Chappell had told the BCCI on Wednesday that he did not want to extend his two-year stint as coach which ended with the World Cup, citing "family and personal reasons."
However, media reports on Friday suggested that the BCCI might persuade the former Australian captain to change his mind if they were convinced he was not at fault.
"Chappell gave a detailed presentation of what went wrong at the World Cup," said Shah. "He felt he too was partly responsible for the team's failure.
"Chappell also did not make any reference to individual players but felt India needed to groom young players and asked the team to concentrate on fitness."
Shah said BCCI president Sharad Pawar praised Chappell's "professional approach" as coach.
Chappell's decision to leave came amid speculation of a rift with senior players, prompting superstar Sachin Tendulkar to go on record that he would be "hurt if the coach questioned his commitment."
The review began with Chappell, captain Rahul Dravid and team manager Sanjay Jagdale appraising BCCI chief Sharad Pawar and other officials on why India were eliminated in the first round.
The 1983 champions and finalists in 2003 were stunned by Bangladesh in their first match and then lost to Sri Lanka to bow out of the tournament in the preliminary stage.
"Jagdale said the entire team had to shoulder the blame for the defeat because it did not play well," said Shah. "He too felt younger players should be encouraged."
Dravid also accepted responsibility for the early World Cup exit, said Shah.
"Dravid felt the team had left for the World Cup with high hopes but failed to perform well," the BCCI secretary said.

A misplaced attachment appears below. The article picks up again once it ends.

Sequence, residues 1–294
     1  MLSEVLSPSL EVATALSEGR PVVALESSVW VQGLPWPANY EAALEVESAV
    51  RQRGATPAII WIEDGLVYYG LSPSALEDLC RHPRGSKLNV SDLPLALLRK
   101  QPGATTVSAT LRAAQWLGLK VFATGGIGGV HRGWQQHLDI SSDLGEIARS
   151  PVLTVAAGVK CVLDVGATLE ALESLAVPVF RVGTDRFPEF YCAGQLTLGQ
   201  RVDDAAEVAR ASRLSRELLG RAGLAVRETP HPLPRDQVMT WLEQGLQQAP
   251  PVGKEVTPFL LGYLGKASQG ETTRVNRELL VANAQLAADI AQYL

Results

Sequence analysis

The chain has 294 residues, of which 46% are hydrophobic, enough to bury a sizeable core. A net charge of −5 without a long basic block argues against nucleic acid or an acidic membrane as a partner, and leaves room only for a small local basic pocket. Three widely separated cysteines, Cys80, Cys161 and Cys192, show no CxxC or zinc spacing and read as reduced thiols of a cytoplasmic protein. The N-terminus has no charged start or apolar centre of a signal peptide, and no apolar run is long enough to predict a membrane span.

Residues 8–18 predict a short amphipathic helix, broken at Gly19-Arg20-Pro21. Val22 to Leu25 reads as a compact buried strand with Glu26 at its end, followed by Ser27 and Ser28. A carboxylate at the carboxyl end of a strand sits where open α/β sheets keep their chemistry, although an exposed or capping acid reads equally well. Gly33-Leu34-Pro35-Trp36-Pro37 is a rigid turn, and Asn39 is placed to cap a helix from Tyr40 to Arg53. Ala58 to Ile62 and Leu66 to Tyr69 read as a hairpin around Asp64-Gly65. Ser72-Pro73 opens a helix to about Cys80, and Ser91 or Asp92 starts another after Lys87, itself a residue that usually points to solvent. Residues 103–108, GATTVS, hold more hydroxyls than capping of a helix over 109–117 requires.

India must appoint Chappell's successor soon since India are due to tour Bangladesh in May for two Tests and three one-day internationals.
The BCCI will also speak to seven former national captains before its influential working committee meets on Saturday to decide the future course of action.
The ex-captains invited are Mansur Ali Khan Pataudi, Chandu Borde, Sunil Gavaskar, Kapil Dev, Srinivas Venkataraghavan, Ravi Shastri and Krishnamachari Srikkanth.
Dev, India's only World Cup winning captain, suggested the BCCI should look at Gavaskar to take charge since "he was the right man for the job."
"The Indian team does not need a coach, it needs a good man manager and there is no one better than Gavaskar to do the job," Dev told AFP.
"Look, we did not have a coach when we won the World Cup in 1983. But we did have a good man manager in (cricket administrator) Peter Man Singh."
Gavaskar, the first batsman in Test history to scale the 10,000-run mark, is now a television commentator and also heads the International Cricket Council's technical committee.